Have they been listening to or watching me all these years? Or is it simply seeing friends on vacation? Are they destined to become tied-to-their-work freelancers, as I have been, or will they actually be better at taking time just for the sake of time?

I grab a coffee and muster the energy to up the vacation game. And maybe along the way, I am learning a little bit from them about using time to the fullest when I have it...

Tuesday, April 26, 2016

And The Dust Clears...

It has been a week since my daughter's star turn, and the flowers she received are reminding my sinuses daily that it is time to move on. But knowing and doing can be two very different things. It feels much safer to cling on to the good that has passed than to face the unknown that is ahead. It feels much better to celebrate what has been accomplished than to jump into new challenges.

But in the spirit of clearing the dust, I toss some of the flowers that have died. In the spirit of facing the new, I unload bags of clothes from former lives. In the spirit of moving on, I try to focus on the events of today, rather than dwell on the events of a week ago.

Don't be fooled--this is not easy. Shedding the past, whether it is the past of a week ago or the past of 20+ years, calls upon us to let go, at least a little, of the good, and to make peace with the not so good. Letting go of the past can make us feel both lighter and emptier at the same time. But if we are to move forward, to be able to savor the present, we can't cling too tightly to what is past, whether that is clothes that once fit, or a moment that once consumed us.

In the midst of my letting go, a video of my daughter's show appears, and I absorb and share it with glee. But the elimination of dead flowers and non-fitting clothes continues, and little by little, the dust clears...

Monday, April 25, 2016

Past Over

One of my favorite things about Passover is the opportunity to talk to family members we don't often get to see. Over course after course of traditional (and sometimes not so traditional) food, we catch each other up on work and kids' activities and just where we stand in the world since the last time we saw each other. If I am lucky, we play a kind of musical chairs as dinner goes on, so that my conversation partners change constantly. With so many different points of view, I inevitably come away from the meal with not only a full stomach, but also a wide variety of new perspectives on almost any issue over which I have been puzzling. Sometimes, I am doing a completely different job than I was the last time I saw people. Often, I am handling an entirely different parenting challenge. Whatever the circumstances, presenting them to new listeners both makes me hear them differently and makes me see more clearly what they mean.

It has been many years now since my conversation was about the demise of the soaps, and perhaps it is actually because of that passage of time that I have come to appreciate Passover conversations so much. In some small way, my life has become one of constant movement and change, much like the story of Passover. So, while every day, it may feel as though I have settled in, each year, I have the opportunity to assess where I have been and where I am going. The past may be over, but my Passover conversations always manage to remind me that there is a future. And that I can, if I choose, actually have control of that future. And that is part of the festive meal that sends me home each year feeling very full indeed.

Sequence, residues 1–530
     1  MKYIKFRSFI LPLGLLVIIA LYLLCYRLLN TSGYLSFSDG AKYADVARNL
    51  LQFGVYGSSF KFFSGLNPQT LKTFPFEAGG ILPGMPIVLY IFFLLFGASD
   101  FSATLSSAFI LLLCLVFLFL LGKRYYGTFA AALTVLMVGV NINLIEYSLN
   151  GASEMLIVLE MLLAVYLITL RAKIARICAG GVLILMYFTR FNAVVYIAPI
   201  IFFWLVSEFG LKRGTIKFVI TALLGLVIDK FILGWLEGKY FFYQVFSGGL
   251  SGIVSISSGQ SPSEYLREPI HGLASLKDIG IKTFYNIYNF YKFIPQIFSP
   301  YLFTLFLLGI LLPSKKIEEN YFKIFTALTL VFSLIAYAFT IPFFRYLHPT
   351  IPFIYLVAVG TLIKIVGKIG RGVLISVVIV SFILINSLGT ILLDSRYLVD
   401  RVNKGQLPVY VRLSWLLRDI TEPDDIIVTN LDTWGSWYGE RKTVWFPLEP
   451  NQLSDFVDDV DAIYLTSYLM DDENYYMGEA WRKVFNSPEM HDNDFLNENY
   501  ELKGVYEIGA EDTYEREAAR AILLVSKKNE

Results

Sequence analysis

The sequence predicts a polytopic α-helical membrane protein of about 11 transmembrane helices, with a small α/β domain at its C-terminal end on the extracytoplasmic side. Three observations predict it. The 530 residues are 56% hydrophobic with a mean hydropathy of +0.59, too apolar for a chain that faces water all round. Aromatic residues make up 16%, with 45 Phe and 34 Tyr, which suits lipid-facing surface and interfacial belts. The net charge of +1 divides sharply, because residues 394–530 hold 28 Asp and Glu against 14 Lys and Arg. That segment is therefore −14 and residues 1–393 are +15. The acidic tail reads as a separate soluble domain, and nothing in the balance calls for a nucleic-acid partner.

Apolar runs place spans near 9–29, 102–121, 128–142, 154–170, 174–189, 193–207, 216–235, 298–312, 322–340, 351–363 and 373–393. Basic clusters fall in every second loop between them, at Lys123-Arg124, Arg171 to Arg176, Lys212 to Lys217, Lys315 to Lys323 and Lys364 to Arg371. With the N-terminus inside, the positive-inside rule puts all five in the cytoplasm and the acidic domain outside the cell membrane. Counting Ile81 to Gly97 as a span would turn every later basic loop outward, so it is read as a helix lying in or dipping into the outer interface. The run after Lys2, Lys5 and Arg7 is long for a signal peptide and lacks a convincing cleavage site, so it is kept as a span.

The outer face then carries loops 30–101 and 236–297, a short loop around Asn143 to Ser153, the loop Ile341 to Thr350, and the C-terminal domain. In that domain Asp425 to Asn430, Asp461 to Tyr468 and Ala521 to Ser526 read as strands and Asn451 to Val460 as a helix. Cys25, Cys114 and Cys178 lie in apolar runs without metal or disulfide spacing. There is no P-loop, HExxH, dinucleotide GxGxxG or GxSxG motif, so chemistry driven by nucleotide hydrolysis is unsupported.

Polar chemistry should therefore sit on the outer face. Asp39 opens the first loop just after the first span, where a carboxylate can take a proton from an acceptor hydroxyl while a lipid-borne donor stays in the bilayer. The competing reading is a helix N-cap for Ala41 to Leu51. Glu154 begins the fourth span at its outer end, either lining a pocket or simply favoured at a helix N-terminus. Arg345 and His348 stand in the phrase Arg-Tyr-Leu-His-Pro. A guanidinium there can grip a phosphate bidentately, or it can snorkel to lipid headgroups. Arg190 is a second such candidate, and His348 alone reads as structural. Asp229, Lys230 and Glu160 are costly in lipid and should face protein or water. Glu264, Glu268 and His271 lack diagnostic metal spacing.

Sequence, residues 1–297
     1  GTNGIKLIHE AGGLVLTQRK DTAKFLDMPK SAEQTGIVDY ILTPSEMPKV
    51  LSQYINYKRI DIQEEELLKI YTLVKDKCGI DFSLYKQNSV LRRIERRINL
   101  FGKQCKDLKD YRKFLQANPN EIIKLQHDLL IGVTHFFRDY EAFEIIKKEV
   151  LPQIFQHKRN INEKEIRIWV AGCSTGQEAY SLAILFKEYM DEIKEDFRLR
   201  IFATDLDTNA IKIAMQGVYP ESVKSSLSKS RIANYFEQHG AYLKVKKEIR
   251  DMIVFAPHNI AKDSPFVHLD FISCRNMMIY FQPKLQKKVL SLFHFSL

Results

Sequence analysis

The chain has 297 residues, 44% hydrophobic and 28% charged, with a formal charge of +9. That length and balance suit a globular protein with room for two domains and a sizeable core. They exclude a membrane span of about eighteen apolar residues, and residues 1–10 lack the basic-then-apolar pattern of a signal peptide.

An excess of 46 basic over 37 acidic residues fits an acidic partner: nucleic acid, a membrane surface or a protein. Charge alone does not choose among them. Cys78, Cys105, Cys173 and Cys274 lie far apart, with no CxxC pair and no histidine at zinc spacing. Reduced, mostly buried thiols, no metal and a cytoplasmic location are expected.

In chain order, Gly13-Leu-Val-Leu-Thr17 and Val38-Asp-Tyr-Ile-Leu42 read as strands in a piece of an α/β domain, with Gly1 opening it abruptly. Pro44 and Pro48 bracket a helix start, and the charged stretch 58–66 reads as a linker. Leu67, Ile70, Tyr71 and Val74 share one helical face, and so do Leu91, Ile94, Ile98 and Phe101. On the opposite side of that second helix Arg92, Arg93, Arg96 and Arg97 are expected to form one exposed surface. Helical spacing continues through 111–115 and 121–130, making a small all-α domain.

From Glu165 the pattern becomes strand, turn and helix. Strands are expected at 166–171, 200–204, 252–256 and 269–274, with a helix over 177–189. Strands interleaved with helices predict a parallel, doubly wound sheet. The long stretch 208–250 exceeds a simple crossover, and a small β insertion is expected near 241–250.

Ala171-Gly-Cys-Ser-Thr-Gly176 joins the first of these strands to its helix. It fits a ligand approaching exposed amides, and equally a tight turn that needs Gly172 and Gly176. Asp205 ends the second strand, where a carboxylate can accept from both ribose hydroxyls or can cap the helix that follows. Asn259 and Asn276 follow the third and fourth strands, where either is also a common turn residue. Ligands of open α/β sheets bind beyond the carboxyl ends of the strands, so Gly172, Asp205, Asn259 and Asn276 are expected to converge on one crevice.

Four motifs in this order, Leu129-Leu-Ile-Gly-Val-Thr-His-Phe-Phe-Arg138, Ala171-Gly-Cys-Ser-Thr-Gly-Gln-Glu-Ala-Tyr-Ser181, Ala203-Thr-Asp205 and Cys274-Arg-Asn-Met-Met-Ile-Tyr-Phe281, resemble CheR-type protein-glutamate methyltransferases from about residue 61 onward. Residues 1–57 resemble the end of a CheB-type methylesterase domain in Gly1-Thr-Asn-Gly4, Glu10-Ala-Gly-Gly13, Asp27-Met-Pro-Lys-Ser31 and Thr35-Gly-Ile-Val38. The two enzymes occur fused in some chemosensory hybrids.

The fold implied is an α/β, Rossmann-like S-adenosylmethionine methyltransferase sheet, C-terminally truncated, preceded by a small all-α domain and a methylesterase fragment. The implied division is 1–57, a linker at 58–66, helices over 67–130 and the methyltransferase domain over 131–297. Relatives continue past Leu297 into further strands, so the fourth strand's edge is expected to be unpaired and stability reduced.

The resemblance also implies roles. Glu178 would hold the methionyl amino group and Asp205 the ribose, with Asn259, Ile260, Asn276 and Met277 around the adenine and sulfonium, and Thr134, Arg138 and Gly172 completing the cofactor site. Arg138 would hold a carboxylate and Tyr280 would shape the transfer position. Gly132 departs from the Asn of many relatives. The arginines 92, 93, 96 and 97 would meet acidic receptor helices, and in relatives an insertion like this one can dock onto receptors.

Sunday, April 24, 2016

Spinning Support

I stand, holding a somewhat ridiculous looking pole with a ball-like structure on its end. And over and over, my son wallops the ball-like structure, often sending me spinning until it is time for the next hit. It is almost worthy of a video, but I'm sure it is not nearly as funny on a little screen as it is in my head. Either way, for a split second in time, I am able to contribute to something one of my kids likes to do.

We spend years hoping that our children will find a passion, that they will discover activities that they love (and that we can manage and afford). And then, when they do, we are faced with supporting them in those endeavors--attending performances and games, attempting to keep up in conversations about topics far beyond our own knowledge, and sometimes, even helping with practice. It can be dizzying. And in this case, it literally was, as the force of the bat against the practice pole sent me spinning more than once. But how many of us are where we are now because someone hung in with us? How many of us were able to pursue our passions because someone--or a series of someones--supported us financially or emotionally to get us where we wanted to go? It isn't always easy to hold that "practice pole." But sometimes, it is the putting ourselves out there, the allowing ourselves to be spun around a little, that lets us really understand. Sometimes, it is the allowing ourselves to be immersed, even just for a moment, that enables our kids to step closer to their goals.

So, as I whirl around, spun by a bat swing that gets stronger and stronger, I am glad to be a part, holding steady the pole that helps support a child's dream.